The Emperor's Dream - Chapter Six

The next day, Wanyi set out for Jinhua’s manor.

**Chapter One**

**Welcome to chapter six of The Emperor’s Dream, an epic fantasy novella from the wider world of The Mhong Chronicles. I’ll be publishing chapters each week, but remember, these are some of the very first drafts, which means you’re in on this at the very beginning. Thank you for being here, friend. I hope you enjoy it.**

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79 Days Until the Vote

The next day, Wanyi set out for Jinhua’s manor. He left Lishan at his own estate. Upon seeing the pup for the first time, Nensin’s motherly instincts had taken over, and she had taken to thoroughly spoiling Lishan. When he left, she was standing over Lishan as she ate, as if watching one of her own children to make sure she finished her vegetables.

After stopping at the aviary to bond with Ban and widening the flow of Lan Khuanghi so that he could borrow both Ban’s wings and his eyesight, Wanyi took to the sky and made his way to the Eagle district, on the western side of Shanshia. Ban would once again patrol the skies above the city, so that he could both hunt and report anything he saw.

As Wanyi flew, he saw them. Standing on street corners or set up in markets, Tohk Hetanzou and even a few Hukan handed out handbills to passersby, informing them of the proposal and the coming vote among the Council of chiefs. They stood on crates, shouting to the gathered crowds. From as high as he was, and with the wind rushing past his ears, Wanyi couldn’t hear them. But he could imagine the garbage they spewed about the virtues of a united nation. About how the Recreator would give them all purpose. Behind each of the criers were more boxes, likely full of more handbills for distribution.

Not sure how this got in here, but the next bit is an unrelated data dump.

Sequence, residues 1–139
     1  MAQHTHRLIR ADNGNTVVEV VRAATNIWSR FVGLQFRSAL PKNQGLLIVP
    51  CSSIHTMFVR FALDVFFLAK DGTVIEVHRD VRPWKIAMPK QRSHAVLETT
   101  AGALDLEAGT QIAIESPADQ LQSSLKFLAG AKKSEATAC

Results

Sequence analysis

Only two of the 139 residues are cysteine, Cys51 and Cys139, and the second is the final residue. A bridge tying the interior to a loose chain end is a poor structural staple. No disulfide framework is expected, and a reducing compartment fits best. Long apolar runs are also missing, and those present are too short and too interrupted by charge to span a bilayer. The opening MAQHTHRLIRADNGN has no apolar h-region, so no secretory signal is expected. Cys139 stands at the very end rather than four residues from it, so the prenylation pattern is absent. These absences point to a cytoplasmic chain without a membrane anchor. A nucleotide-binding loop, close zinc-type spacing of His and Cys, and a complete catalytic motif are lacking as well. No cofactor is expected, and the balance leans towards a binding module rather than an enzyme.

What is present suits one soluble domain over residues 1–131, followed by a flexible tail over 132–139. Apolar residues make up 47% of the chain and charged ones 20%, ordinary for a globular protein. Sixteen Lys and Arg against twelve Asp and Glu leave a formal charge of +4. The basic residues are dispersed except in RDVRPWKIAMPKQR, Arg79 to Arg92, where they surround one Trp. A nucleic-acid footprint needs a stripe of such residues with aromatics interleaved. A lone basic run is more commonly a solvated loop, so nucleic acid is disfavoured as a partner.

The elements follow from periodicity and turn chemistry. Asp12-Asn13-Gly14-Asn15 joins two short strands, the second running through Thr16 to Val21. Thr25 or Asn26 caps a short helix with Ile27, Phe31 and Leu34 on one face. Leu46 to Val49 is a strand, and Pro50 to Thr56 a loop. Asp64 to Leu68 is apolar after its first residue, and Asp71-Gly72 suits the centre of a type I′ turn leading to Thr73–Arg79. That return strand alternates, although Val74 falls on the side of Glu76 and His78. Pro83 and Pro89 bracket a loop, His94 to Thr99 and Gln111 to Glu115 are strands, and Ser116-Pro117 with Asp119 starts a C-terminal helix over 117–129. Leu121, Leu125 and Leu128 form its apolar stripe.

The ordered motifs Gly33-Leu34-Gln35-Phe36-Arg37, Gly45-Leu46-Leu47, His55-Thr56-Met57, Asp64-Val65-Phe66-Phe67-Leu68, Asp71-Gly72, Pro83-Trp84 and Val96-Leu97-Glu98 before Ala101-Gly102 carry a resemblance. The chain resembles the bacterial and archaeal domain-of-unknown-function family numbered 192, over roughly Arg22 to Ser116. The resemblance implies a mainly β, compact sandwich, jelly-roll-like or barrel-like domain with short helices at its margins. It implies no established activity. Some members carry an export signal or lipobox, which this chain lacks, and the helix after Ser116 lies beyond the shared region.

They came en masse, Wanyi thought, but why do they want Hukan so badly? What do they gain that they don’t already have? Hukan laborers already built the Tohk Empire’s roads and cities at fair wages. He couldn’t imagine that the colder southern grasslands were more desirable than the fertile lands around the northern forests and the Shi River. That left only the wilds of the Dawnwood and the largely uninhabited Dawnfangs.

Is it really just to progress this dream of Ramreunya’s? What did Tukharen and the rest promise him? What did he promise them?

I have been thinking about this foreign ruler, Ban’s voice interrupted his thoughts.

Wanyi wove around a wind mhonglun, its tiny, Sentient-shaped body formed of wisps of vapor, before continuing on. Oh did you, now? And what are your thoughts?

Friend Wanyi, Ban said gravely, I do not think this is a good Sentient. He should not invade your nest. You should ward him off with beak and talon.

Wanyi couldn’t help but be amused, though he felt a bit guilty for it. He knew Ban was sincere, but the words seemed humorous coming from a hawk.

I agree with you, Ban. This man cannot have Hukan. Which is why I’m on my way to Jinhua to discuss our plans for keeping him out of our nest as we speak. He sensed Ban’s approval through the bond.

A pit of unease grew in Wanyi’s stomach as he neared Jinhua’s estate. Rather than waving him on and letting him fly over the stone wall like they normally did, the skyguards signaled for him to land and approach on foot. Did they not recognize him? They should have at least recognized his chief’s spear.